I know I've mentioned multiple times that my focus this year is on Student Engagement and tonight, that focus really hit home for me...
Once a month, I get to spend time with the awesome Sarah from Math=Love and we get to do math together. I know that totally sounds like a nerd thing to do, but hey, what can I say... I'm a nerd! :) Tonight was the monthly meeting of our local chapter of the Math Teachers Circle and one of the opening problems was this one:
I was fascinated by this idea of a Friedman number. It reminded me of the game "24", which I've always loved. My engagement level during this part of the evening was extremely high.
Then, the discussion moved to some other topic and involved proving something about relative prime numbers. My attention started to waver as people that are WAY smarter than I'll ever be jumped right into an abstract algebra proof. My engagement level started to decline, which reminded me of yesterday's blog post about productive struggle and the importance of talking things out with your peers. I found it interesting that the presenter even made the comment that he was talking too much instead of us. As lost as I was in the conversation, I decided to go back to my Friedman number list and see how many of them I could figure out. 736 totally stumped me and I finally cheated by looking online. :)
My experience made me think about what it feels like to be a student in my classroom. Here are some thoughts from my day:
1) Deep thinking on a critical level is hard to do late in the day. 7:30 pm at night after a day of work and meetings is not the ideal time for me to think on an abstract algebra level.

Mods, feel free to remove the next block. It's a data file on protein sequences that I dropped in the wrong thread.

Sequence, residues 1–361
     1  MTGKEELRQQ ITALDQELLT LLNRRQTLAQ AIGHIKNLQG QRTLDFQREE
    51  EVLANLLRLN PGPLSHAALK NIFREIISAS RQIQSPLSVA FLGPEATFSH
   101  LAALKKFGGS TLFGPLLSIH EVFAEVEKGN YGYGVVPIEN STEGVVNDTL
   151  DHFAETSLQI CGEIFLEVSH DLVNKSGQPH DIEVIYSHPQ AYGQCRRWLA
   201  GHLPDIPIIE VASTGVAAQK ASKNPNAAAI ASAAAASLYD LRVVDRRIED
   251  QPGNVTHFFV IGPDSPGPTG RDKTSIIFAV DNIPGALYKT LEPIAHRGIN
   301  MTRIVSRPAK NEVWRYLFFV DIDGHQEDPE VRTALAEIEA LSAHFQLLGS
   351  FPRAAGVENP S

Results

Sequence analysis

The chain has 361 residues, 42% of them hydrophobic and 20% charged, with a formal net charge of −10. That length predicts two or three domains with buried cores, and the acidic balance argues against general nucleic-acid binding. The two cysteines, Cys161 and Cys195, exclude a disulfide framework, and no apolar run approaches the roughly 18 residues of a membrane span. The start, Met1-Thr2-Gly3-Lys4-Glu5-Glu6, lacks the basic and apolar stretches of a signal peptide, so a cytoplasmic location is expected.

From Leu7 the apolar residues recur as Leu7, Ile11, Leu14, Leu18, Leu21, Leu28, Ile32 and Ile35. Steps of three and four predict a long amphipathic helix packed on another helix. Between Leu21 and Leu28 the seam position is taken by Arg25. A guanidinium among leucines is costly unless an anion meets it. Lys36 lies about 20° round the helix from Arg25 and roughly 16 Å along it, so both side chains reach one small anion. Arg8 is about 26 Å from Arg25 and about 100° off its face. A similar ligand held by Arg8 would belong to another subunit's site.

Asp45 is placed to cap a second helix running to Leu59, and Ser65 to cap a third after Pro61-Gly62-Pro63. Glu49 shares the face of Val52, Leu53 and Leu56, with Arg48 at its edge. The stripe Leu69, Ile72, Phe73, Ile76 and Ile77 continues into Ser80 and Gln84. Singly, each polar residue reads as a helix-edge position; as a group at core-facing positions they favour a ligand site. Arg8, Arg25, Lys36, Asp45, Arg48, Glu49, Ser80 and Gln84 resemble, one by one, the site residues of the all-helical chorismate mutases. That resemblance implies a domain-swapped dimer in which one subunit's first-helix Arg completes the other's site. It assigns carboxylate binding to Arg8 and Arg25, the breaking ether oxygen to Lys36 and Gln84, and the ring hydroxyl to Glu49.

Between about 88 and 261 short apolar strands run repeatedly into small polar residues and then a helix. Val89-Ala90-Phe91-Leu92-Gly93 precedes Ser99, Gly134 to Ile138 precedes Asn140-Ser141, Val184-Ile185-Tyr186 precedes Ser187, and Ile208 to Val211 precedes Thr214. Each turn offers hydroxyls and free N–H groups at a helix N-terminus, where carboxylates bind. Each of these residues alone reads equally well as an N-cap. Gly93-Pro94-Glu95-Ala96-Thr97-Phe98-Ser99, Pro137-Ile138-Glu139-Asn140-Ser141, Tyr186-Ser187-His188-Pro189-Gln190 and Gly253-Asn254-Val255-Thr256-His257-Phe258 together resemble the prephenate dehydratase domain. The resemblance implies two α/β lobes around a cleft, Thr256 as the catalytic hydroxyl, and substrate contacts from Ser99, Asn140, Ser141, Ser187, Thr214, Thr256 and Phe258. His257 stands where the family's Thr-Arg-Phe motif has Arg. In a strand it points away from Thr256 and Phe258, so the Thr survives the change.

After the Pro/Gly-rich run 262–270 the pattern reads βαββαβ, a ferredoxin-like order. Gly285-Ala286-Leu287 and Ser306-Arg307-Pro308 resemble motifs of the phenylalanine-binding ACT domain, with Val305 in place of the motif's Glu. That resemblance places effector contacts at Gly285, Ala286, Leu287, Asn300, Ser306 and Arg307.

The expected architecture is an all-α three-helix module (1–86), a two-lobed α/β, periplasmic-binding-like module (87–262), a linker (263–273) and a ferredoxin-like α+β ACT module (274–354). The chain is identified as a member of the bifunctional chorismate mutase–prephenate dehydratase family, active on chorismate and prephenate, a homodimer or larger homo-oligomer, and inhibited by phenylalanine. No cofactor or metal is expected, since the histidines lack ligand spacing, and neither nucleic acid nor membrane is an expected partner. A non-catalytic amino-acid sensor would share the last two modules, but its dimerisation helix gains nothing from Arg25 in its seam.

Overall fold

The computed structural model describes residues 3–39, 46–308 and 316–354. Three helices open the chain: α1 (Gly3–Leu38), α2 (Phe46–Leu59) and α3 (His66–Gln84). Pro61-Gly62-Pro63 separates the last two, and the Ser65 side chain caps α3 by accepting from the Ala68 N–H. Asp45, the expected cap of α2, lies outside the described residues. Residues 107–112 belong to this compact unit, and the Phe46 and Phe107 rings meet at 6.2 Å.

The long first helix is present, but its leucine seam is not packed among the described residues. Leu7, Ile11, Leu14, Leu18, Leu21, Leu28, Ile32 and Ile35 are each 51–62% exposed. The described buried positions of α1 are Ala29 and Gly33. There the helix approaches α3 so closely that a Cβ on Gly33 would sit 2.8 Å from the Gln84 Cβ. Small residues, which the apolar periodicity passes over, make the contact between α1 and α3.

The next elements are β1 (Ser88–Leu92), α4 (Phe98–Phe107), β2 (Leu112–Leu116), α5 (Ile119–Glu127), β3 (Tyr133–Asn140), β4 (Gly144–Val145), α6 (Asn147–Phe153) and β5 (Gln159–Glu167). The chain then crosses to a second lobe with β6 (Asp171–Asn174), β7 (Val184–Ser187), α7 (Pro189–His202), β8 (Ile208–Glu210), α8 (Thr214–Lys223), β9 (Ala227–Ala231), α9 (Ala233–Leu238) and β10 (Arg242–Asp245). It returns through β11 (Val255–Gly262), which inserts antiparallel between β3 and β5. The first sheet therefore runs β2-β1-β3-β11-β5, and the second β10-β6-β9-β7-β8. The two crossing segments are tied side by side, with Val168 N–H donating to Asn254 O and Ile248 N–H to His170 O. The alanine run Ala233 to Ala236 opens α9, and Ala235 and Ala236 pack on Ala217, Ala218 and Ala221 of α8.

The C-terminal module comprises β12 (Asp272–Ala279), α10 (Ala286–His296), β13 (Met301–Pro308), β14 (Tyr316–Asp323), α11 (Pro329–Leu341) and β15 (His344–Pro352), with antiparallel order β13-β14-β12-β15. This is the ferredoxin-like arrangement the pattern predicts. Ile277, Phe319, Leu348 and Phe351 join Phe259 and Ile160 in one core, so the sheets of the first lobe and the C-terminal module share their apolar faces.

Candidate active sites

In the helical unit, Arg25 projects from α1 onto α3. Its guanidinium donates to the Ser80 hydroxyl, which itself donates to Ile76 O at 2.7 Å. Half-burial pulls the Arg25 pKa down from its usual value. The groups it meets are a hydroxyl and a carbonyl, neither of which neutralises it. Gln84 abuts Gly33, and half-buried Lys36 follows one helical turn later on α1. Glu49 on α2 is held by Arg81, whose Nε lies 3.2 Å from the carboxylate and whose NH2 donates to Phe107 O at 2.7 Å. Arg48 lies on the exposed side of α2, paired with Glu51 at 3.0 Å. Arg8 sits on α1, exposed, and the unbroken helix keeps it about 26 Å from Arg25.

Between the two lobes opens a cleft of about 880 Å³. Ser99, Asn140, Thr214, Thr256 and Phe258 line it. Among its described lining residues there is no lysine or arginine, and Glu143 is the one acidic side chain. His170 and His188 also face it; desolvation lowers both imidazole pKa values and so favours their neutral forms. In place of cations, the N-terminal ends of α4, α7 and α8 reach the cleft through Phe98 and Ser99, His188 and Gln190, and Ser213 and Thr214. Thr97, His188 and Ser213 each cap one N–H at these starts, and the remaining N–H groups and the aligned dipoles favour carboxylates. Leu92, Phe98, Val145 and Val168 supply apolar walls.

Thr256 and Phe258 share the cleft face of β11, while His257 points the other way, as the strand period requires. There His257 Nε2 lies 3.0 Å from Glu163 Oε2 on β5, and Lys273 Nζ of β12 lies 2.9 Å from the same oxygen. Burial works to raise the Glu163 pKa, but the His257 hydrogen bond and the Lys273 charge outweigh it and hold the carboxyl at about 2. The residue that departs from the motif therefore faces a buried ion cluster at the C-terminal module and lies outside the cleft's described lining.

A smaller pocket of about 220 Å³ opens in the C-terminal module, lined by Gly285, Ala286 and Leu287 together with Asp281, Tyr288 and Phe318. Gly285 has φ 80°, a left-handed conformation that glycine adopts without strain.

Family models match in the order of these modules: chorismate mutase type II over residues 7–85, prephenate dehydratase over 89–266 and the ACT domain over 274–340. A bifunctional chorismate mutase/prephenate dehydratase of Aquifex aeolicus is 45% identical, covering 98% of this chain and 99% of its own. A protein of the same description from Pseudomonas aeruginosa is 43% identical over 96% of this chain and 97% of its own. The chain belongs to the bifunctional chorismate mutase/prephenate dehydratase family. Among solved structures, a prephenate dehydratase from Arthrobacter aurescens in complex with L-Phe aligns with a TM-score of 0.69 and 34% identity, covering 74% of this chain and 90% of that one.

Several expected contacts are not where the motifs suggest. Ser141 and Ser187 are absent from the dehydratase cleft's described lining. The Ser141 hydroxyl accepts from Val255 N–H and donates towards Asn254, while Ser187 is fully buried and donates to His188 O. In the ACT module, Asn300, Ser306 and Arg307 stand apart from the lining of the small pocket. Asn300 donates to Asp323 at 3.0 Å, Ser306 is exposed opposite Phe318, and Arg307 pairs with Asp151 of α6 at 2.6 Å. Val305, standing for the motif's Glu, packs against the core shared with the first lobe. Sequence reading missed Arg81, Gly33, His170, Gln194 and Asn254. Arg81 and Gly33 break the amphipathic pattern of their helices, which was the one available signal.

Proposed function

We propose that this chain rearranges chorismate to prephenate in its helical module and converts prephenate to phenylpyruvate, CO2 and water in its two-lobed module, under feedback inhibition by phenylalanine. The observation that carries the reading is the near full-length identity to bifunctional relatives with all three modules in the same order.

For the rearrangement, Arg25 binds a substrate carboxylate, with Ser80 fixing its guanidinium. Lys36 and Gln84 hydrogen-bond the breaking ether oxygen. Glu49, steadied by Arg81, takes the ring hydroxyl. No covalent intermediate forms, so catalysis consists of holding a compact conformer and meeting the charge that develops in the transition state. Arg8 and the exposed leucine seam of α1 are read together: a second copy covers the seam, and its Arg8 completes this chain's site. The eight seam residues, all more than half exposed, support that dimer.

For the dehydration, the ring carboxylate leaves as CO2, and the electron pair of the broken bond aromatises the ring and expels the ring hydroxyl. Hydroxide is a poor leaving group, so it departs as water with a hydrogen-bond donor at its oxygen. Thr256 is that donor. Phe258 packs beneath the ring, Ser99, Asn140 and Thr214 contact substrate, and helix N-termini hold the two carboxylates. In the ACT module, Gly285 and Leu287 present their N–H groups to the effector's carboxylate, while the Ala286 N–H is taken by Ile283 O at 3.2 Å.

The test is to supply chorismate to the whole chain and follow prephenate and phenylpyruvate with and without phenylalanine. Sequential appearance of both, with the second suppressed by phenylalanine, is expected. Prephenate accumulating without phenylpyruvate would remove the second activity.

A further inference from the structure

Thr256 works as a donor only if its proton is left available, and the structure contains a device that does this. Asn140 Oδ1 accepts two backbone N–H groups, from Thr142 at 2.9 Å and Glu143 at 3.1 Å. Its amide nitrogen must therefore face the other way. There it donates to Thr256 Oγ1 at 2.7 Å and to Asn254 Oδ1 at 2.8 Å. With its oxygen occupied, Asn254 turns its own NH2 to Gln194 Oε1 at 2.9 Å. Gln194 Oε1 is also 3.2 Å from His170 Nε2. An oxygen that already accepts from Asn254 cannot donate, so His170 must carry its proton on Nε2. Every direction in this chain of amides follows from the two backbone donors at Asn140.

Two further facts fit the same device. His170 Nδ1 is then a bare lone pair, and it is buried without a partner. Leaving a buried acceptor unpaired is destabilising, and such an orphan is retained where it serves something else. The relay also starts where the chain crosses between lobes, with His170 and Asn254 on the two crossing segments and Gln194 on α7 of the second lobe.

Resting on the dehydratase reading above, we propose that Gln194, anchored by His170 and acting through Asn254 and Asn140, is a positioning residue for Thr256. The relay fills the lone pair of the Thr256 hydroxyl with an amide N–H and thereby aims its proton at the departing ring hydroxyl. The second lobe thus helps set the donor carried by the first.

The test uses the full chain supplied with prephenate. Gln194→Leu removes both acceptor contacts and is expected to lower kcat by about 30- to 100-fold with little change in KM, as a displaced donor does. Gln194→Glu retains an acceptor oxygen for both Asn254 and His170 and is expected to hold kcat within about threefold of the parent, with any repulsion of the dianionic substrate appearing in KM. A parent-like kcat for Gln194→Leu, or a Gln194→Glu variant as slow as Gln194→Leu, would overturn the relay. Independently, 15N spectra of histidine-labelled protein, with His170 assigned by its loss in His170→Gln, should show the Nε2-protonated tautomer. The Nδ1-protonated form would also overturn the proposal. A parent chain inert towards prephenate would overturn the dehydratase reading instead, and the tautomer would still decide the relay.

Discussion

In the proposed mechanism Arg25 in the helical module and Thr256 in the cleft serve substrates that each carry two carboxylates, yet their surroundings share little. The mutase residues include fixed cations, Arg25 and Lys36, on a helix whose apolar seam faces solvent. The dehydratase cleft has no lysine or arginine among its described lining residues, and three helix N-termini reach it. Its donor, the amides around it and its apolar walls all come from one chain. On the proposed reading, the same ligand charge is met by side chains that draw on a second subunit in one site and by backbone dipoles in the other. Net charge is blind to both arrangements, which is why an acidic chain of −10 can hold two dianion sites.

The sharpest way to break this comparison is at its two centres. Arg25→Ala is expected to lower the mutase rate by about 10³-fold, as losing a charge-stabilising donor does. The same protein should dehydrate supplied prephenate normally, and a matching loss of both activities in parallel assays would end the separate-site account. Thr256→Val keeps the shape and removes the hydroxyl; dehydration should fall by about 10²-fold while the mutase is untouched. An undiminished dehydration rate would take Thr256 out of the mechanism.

2) From yesterday's ASCD reference... the person talking is probably thinking.
3) A problem does not have to be real world to be engaging. The puzzle aspect of the Friedman numbers fascinated me.
4) How can I make sure to keep student engagement high? How good am I at "reading the crowd" and making sure things are accessible to all levels?
I walked away tonight with a newfound appreciation for the works of Martin Gardner and with a ton of questions and thoughts on how I can engage my students at a deeper level.
Today I'm Thankful For:
My #EduRead book club! Last night was the return of #EduRead after a month (or so) hiatus. We will be reading and discussing the book The Highly Engaged Classroom by Marzano and last night we did a preview chat on what we believed student engagement to be, what we hoped to get out of the book study, and shared strategies we use to get kids up and moving. You can read last night's chat archive via Storify. If you would like to join us, we'd love to have you! We use the hashtag #EduRead on Twitter at 8pm Central time on Wednesdays. Next Wednesday, we will be discussing Chapter 1.